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  Subjects -> PHILOSOPHY (Total: 762 journals)
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Philosophical Studies
Journal Prestige (SJR): 1.929
Citation Impact (citeScore): 1
Number of Followers: 22  
 
  Hybrid Journal Hybrid journal (It can contain Open Access articles)
ISSN (Print) 1573-0883 - ISSN (Online) 0031-8116
Published by Springer-Verlag Homepage  [2469 journals]
  • Correction to: On Believing Indirectly for Practical Reasons

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      PubDate: 2022-08-05
       
  • Correction to: Greatest surprise reduction semantics: an information
           theoretic solution to misrepresentation and disjunction

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      PubDate: 2022-08-04
       
  • Defense with dignity: how the dignity of violent resistance informs the
           Gun Rights Debate

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      Abstract: Abstract Perhaps the biggest disconnect between philosophers and non-philosophers on the question of gun rights is over the relevance of arms to our dignitary interests. This essay attempts to address this gap by arguing that we have a strong prima facie moral right to resist with dignity and that violence is sometimes our most or only dignified method of resistance. Thus, we have a strong prima facie right to guns when they are necessary often enough for effective dignified resistance. This approach is distinctively non-libertarian: it doesn’t justify gun rights on the basis of (mere) liberty or security. Nonetheless it is compatible with libertarian defenses of gun rights based on a liberty right to guns, and, if sound, in fact lowers the bar for gun rights in some ways, as it justifies access to guns even when nonviolent means would better achieve the liberty or security aims of potential victims. And although this defense of gun rights is most readily categorized as “conservative” or rightist, it relies upon principles and intuitions about dignity popular among progressives in other domains, such as in disability, women’s, or LGBT rights debates.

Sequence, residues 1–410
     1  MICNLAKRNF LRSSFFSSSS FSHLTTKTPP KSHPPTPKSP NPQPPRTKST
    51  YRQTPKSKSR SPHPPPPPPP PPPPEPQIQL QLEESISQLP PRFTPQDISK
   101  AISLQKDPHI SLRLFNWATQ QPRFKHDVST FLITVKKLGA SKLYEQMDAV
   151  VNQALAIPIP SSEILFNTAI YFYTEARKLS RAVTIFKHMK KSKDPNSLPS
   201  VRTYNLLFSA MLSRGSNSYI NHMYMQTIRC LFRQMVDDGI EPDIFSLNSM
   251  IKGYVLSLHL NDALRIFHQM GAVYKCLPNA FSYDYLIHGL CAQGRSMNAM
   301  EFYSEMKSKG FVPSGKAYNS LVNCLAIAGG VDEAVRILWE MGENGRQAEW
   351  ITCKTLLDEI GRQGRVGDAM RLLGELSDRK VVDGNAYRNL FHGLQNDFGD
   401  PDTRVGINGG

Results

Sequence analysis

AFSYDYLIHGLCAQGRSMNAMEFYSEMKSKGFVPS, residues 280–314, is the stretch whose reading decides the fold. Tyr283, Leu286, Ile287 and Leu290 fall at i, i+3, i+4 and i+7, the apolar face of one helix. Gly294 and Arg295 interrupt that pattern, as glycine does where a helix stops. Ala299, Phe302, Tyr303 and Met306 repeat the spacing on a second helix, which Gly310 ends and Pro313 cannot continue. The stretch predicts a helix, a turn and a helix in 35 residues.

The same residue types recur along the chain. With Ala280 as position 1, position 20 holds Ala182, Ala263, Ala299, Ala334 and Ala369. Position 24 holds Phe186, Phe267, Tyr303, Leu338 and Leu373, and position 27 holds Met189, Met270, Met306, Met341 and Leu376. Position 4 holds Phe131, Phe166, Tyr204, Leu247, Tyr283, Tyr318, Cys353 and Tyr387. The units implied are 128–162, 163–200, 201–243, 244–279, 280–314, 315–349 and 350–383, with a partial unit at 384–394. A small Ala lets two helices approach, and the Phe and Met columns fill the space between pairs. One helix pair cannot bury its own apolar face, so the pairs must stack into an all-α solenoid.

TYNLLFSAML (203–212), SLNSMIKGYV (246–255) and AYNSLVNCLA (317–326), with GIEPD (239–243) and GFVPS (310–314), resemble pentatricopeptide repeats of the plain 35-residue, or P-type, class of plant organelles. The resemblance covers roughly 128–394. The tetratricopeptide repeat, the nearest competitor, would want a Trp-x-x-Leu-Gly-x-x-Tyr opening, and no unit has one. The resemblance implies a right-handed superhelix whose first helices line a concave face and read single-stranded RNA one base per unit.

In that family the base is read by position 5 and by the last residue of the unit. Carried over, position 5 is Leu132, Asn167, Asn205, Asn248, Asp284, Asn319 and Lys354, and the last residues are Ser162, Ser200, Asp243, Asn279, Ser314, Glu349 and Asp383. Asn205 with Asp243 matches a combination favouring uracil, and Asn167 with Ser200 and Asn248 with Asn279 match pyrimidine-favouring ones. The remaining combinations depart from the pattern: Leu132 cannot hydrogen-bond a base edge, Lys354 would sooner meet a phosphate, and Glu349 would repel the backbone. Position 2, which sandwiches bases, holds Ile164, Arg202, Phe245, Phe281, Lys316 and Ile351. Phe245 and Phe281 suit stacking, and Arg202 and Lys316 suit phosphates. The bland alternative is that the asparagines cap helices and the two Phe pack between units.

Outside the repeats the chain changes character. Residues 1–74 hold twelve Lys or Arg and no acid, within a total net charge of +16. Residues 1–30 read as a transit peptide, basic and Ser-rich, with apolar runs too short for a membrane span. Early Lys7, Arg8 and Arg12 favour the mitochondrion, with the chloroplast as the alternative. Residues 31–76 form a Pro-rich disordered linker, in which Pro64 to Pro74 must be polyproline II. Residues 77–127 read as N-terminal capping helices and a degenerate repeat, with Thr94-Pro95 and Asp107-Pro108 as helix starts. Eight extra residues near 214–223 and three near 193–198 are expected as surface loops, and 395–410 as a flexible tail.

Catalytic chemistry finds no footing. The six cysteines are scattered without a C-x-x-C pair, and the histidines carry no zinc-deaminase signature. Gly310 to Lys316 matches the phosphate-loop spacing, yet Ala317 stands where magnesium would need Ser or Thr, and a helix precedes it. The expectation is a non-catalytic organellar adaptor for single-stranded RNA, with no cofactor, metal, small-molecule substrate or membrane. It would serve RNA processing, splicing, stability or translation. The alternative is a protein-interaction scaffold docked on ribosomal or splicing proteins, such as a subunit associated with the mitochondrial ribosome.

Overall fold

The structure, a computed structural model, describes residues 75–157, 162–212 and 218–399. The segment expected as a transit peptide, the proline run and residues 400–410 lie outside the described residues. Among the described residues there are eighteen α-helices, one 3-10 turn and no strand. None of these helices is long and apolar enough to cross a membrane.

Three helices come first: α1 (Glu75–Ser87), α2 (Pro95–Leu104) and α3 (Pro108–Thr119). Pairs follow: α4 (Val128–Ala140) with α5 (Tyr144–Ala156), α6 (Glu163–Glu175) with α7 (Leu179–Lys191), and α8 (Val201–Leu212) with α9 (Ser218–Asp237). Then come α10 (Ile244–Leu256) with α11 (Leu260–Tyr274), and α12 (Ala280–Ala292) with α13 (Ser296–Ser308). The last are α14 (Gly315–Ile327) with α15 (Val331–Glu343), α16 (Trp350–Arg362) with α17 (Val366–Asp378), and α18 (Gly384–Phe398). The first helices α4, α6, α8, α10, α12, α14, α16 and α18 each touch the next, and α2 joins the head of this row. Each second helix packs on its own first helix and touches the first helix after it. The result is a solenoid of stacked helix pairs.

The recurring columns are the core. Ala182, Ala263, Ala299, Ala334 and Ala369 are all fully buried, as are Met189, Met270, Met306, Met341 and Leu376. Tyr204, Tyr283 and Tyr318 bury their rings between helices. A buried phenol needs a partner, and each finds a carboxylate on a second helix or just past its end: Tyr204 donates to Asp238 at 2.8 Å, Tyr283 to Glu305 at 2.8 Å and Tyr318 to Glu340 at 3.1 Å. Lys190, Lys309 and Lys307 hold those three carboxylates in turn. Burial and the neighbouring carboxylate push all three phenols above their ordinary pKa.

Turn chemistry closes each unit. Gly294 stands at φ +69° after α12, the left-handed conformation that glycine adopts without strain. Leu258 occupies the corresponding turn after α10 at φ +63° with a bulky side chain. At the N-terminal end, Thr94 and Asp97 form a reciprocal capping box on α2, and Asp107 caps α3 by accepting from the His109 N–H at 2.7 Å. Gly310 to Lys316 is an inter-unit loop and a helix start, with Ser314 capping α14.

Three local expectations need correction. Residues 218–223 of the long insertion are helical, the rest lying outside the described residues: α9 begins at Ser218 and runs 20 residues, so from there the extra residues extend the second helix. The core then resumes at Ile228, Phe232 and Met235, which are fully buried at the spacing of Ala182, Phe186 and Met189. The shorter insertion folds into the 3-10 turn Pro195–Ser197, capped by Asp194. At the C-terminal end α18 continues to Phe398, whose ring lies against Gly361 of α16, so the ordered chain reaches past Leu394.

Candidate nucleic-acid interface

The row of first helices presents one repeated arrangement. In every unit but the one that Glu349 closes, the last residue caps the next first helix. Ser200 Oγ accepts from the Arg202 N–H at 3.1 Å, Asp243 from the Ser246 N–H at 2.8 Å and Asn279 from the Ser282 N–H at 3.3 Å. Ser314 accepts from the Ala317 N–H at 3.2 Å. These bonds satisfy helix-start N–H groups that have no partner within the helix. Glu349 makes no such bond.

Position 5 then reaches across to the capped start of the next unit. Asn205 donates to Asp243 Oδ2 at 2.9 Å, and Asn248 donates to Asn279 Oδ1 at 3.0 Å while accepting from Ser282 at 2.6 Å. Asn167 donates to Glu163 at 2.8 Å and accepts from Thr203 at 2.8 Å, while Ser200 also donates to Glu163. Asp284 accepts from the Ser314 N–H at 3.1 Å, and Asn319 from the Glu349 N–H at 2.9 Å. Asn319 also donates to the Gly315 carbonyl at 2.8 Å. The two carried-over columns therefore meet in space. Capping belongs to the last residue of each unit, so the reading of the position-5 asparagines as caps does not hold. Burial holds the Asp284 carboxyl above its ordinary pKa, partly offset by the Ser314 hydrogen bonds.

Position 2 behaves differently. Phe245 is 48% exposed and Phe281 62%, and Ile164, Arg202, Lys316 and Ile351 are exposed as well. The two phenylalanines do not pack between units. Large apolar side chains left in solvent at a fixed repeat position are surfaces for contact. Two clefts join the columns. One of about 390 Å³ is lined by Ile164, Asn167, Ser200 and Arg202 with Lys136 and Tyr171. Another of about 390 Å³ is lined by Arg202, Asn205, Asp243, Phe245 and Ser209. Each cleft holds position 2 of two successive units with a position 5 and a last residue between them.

PubDate: 2022-08-04
       
  • Are the folk utilitarian about animals'